Deborah Busch, 38, a' />

They're two proud and happy first-time parents with one very cute baby, but they are also part of a worldwide cultural shift.

Deborah Busch, 38, and Kerry Jacobs, 42, like increasing numbers of their counterparts worldwide, always planned to have a baby later in life and are relaxed about whether 4-day-old Zoe will have a brother or sister.

"A lot of my friends are having babies around this age, and she has lots of cousins to play with," Ms Busch said.

According to figures released by Statistics New Zealand in celebration of Mother's Day, the couple are typical of a population trend.

In the year to March, New Zealand women aged between 30 and 34 had the highest fertility rate, with the biggest drop in fertility among women aged 20 to 24.

New Zealand women are also averaging two children each - not enough for the population to replace itself and a trend worrying governments as a shrinking workforce will be faced with the healthcare and pension costs of retired baby-boomers.

Ms Busch, who is on maternity leave from her book-selling job, says baby Zoe was "planned like you wouldn't believe".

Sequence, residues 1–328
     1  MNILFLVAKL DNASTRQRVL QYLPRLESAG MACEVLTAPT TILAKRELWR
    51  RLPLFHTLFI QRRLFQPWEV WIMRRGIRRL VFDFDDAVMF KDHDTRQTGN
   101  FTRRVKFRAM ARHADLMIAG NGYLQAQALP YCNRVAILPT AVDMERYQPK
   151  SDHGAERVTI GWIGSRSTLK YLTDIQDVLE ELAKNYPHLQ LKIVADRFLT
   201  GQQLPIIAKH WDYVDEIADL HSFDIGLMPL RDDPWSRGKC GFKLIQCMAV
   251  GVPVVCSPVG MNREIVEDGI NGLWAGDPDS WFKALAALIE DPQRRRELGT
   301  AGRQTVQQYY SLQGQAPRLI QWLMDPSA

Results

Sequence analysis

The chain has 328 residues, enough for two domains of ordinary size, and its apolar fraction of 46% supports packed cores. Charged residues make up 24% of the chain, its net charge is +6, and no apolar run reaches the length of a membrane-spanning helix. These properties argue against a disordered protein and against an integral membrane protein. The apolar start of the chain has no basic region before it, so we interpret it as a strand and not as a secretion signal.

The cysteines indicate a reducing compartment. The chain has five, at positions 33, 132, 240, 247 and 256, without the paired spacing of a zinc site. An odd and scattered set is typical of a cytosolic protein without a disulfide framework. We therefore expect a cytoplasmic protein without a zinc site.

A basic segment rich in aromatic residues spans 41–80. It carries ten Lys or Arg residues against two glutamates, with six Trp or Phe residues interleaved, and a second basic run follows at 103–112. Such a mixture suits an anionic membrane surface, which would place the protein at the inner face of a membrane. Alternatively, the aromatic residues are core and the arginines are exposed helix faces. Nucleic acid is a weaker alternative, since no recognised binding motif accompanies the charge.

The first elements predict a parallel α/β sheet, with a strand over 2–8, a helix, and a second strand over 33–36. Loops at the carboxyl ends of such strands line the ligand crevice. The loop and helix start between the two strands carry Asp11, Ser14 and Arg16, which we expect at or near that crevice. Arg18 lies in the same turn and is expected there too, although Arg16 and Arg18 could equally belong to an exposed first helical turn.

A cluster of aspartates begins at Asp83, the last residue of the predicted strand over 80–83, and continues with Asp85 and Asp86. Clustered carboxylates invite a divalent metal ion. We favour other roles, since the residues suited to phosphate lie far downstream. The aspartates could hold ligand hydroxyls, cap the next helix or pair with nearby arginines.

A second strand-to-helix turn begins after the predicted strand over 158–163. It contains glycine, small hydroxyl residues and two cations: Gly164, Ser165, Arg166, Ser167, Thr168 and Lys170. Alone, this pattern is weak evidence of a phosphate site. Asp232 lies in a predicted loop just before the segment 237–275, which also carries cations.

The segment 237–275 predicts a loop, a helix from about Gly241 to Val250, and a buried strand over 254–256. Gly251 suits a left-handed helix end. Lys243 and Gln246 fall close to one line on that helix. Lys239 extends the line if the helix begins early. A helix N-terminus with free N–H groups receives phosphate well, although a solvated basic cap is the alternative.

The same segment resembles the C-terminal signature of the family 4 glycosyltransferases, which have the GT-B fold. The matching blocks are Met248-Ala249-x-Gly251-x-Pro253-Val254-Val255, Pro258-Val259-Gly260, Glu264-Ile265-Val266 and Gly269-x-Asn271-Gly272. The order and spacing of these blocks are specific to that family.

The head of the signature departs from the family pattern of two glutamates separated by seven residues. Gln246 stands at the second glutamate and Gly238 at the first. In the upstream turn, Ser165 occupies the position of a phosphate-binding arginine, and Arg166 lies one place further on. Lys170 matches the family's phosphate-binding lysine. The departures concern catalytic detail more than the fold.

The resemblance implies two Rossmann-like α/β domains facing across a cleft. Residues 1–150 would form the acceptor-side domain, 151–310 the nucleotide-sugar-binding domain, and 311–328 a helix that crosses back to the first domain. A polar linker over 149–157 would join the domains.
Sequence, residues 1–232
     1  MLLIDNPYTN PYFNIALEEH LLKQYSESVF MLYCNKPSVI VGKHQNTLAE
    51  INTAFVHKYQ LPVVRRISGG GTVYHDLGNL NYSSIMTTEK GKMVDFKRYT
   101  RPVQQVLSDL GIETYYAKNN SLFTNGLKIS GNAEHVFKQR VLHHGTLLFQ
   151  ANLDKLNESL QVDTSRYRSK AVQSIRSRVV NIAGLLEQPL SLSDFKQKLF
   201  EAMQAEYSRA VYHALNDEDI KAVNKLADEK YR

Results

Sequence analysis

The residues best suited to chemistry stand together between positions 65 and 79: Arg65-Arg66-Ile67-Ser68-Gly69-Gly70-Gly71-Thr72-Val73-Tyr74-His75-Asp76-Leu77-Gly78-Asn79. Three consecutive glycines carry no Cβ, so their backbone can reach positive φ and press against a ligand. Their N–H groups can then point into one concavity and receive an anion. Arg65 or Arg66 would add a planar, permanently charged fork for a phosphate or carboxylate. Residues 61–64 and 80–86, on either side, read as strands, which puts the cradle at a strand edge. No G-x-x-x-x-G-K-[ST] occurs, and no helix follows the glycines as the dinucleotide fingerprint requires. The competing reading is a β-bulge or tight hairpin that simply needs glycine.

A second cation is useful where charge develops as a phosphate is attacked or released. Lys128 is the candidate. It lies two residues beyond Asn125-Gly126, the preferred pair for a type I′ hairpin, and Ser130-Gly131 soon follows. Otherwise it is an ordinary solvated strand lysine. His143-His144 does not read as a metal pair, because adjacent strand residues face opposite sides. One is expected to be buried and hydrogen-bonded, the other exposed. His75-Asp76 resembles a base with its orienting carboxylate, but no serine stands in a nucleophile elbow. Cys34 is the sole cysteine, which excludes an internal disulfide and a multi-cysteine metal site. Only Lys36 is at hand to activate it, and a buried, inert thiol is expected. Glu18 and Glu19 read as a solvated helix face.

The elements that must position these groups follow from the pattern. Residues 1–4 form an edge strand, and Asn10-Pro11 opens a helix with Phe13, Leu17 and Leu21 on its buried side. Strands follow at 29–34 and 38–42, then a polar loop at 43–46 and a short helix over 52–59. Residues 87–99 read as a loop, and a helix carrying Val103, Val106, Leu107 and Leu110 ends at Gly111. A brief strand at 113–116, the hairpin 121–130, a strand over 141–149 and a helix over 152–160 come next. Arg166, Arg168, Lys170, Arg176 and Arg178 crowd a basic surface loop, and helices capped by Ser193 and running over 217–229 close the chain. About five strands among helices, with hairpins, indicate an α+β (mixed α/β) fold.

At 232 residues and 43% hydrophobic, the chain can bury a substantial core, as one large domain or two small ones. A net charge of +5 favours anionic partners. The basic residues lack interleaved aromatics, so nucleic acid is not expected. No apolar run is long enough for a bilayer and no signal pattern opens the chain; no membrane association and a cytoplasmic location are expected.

"We always had a feeling we would have children in our thirties so we could whack into the mortgage for a few years to make life easier," she says.

She and Kerry married five years ago. They have been together 17 years, have paid off their Sandringham home and finished house renovations a day before the baby was due.

Ms Busch said the hardest decision confronting her as an older mother-to-be was whether to have the amniocentesis test for Down's Syndrome.

The test has a 0.5 to 1 per cent chance of causing a miscarriage.

Older mums

* The median age for New Zealand women giving birth is now 30 years, compared with 25 years in 1975.
* New Zealand women are averaging two births each but to replace the population the rate needs to be 2.1.
* Natural population increase in the year to March accounted for 74 per cent of population growth, with immigration accounting for the rest.